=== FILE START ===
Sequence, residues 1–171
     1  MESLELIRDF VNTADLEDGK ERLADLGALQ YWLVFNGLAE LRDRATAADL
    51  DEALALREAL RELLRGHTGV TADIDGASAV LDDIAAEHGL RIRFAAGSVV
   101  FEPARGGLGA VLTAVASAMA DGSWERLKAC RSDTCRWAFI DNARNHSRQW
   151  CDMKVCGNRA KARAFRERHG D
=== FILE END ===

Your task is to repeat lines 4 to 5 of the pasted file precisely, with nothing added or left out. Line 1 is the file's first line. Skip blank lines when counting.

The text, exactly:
   101  FEPARGGLGA VLTAVASAMA DGSWERLKAC RSDTCRWAFI DNARNHSRQW
   151  CDMKVCGNRA KARAFRERHG D